"In terms of continuous improvement, many people in our industry wonder what's next after IS-BAO Stage 3," says Candace Covington, Chief Pilot at Qualcomm, Inc. "Process is it. Process is the post-IS-BAO world."
Are you looking for ways to more closely align your flight department with your parent company? You should be, at every opportunity. Process documentation is consistent with all contemporary Quality Management System (QMS) initiatives, and likely is compatible with the QMS in use within your parent company. A focus on process increases alignment with corporate. Aviation will increasingly be seen as the 'business within a business' that it truly is.
According to John Gale, Director of Aviation at CNH Industrial, "Process directly connects the flight department to the parent company's business. It might even have some utility as a tool to help those flight department leaders who find themselves constantly having to justify their existence to corporate."
Do you consistently provide the highest possible levels of customer service to your executive passengers? Each and every time they fly? Or does it sometimes seem like a hit-or-miss proposition? If it's the latter, the cause is likely insufficiently defined customer service processes. A smoother operation 'behind the curtain' always results in better and more consistent customer service delivery in front of it.
Clearly defined processes produce the desired outcome all the time, enabling employees to focus on what they really should be focusing on: activities that drive the business forward, not just maintain the status quo. Things get done right the first time and without rework. Process documentation creates enormous incremental bandwidth across your aviation operation.
"Companies are restructuring to get more out of less, so everyone has to wear more hats," notes Don Paddock, Director of Aviation at SC Johnson & Son. "Pilots don't just fly airplanes anymore; they need to be involved as well in the business of business aviation." Process helps create the bandwidth for a flight department to be responsive to the new demands placed upon it.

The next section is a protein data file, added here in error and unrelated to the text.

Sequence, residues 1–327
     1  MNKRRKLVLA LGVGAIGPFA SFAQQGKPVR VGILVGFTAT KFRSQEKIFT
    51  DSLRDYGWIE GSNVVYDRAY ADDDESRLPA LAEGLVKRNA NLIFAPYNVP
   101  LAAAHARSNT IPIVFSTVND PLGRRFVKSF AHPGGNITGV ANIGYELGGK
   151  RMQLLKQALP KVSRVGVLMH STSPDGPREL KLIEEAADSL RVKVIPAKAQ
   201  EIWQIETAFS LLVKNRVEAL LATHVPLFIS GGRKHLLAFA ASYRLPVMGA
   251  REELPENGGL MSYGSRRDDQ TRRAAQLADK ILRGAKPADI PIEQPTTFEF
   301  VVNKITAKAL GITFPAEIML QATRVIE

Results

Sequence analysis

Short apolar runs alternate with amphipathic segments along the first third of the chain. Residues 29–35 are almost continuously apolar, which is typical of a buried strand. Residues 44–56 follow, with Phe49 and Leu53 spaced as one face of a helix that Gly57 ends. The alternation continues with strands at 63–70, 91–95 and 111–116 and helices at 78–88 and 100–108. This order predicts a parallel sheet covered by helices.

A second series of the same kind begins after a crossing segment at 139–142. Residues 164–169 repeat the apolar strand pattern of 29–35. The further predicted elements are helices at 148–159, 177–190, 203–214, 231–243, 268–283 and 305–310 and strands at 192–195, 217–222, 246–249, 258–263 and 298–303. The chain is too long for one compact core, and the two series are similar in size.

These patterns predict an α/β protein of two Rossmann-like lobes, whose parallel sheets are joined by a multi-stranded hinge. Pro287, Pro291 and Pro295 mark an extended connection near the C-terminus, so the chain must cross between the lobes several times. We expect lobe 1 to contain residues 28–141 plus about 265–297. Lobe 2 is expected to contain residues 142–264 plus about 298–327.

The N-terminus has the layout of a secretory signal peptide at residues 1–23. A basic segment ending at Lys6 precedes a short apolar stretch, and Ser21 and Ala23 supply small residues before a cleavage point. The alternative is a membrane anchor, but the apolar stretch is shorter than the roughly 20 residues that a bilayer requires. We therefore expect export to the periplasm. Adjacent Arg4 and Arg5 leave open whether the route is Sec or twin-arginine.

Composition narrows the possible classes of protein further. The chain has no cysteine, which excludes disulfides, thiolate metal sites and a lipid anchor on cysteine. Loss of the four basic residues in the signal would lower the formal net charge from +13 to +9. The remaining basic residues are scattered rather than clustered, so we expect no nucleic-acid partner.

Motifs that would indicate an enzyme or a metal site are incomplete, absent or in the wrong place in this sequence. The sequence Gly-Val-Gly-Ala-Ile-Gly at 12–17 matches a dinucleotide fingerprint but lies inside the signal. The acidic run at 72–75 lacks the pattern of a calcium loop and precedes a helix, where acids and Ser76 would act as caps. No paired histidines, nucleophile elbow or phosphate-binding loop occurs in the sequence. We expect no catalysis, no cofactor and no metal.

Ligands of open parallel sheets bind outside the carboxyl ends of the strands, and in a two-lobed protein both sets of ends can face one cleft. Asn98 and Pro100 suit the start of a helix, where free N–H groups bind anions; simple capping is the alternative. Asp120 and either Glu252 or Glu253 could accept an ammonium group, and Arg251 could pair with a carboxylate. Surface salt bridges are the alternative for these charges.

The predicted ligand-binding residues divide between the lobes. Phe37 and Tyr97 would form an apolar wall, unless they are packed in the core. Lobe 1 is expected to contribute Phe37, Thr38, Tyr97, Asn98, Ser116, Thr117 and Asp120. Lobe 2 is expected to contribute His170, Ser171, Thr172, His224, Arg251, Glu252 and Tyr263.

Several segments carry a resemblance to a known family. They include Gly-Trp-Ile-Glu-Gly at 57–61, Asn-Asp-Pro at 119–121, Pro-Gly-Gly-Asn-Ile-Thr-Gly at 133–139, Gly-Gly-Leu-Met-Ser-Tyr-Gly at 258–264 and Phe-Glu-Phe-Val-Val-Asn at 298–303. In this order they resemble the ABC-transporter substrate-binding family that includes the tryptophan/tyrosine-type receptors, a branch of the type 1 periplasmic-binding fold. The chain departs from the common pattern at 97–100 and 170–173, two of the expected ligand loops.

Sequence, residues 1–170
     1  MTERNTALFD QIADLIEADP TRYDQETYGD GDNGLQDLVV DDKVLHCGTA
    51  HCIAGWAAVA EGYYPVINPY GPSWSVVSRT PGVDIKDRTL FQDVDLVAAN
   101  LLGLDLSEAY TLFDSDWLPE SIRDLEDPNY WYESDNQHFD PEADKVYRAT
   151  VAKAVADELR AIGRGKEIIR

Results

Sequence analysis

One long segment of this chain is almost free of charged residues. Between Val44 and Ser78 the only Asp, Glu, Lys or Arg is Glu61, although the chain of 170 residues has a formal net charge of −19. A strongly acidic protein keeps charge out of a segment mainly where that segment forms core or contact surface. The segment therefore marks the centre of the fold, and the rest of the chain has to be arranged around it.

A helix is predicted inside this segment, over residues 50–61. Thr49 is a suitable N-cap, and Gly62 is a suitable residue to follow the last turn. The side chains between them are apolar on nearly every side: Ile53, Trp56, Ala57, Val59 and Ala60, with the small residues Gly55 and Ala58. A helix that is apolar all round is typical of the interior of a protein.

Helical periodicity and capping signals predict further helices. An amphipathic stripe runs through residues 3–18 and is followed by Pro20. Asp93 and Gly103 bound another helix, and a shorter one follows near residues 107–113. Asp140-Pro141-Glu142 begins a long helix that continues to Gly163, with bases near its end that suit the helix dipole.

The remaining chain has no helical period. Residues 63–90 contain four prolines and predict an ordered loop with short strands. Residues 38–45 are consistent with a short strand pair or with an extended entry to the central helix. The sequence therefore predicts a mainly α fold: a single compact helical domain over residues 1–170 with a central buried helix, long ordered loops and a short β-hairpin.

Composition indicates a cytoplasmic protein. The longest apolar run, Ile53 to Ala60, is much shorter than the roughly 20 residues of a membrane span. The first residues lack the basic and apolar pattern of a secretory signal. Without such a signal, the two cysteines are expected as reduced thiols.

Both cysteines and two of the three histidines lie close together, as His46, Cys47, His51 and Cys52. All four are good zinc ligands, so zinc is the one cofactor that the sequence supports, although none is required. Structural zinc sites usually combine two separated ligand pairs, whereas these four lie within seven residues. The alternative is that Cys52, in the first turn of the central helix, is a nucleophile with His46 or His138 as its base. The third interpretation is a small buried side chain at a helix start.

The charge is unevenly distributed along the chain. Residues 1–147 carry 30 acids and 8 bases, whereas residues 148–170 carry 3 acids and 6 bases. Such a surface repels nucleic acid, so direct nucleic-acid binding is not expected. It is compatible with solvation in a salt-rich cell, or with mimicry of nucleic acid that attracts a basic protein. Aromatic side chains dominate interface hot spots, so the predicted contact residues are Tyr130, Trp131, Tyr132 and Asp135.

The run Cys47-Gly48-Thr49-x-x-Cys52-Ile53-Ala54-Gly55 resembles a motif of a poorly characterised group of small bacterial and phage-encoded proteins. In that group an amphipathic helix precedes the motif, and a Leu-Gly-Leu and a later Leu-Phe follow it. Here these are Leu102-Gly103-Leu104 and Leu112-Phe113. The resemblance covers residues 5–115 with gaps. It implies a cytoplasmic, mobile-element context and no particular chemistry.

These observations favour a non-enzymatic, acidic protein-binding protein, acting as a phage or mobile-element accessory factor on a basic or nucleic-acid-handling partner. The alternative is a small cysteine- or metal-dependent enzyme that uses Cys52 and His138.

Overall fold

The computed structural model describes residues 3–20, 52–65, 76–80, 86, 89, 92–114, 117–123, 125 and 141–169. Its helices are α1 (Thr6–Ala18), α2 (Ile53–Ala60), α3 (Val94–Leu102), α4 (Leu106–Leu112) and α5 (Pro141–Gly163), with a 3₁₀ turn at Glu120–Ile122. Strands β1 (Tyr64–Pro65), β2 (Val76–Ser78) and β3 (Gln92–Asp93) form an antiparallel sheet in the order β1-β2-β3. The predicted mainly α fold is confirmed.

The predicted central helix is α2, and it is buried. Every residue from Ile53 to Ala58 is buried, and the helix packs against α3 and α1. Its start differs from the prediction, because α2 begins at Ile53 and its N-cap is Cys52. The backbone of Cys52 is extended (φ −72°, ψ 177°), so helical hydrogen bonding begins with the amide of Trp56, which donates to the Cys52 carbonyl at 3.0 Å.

Documented processes enable process ownership by all employees. Process ownership enables you, the leader, to move the organization away from the old world of command and control to the new world of empowerment. When linked with Individual Development Planning, empowerment through process ownership yields unprecedented employee growth and development opportunities.
Ever notice that some of your people are able to get their work done readily each day while others seemingly never have enough time? The root cause could very well be imbalanced workload resulting from an outdated 'functional' vs. new-world, 'process-based' organizational structure. Fully defined processes more evenly distribute the workload and reduce the burden on you, your leadership team and virtually every person within your flight department.
Work/life balance among employees is sometimes skewed by the 'critical person syndrome' noted above. Are some of your employees—be they schedulers, maintenance technicians or pilots—having to work more hours than others? If so, it's probably because there isn't any backup for the work they do. This should never be the case; such a situation is totally avoided in a process-based organization. Documented processes create backup and surge capability, along with a more level-loaded work environment for all.
"I think a good goal is to have processes documented so clearly that anyone with basic knowledge can follow the script and complete the task as successfully as the task originator," states Mitch Vuernick, Director of Aviation for Cigna.
10. Employee Commitment and Engagement
Documented processes that are readily accessible by all employees create a more visible and open organization. There's no longer any question about how things are done or who is responsible for what. Clearly defined processes create an environment for all employees to challenge the status quo and suggest improvements that make the operation more effective and efficient. The result is a more engaged, committed and productive workforce.
If you liked what you've read here, click here for our previous "process-oriented" posts. You might also like how to build a process-based operating system within your flight department. If you have any recommendations or insights, I welcome them in the comments section below.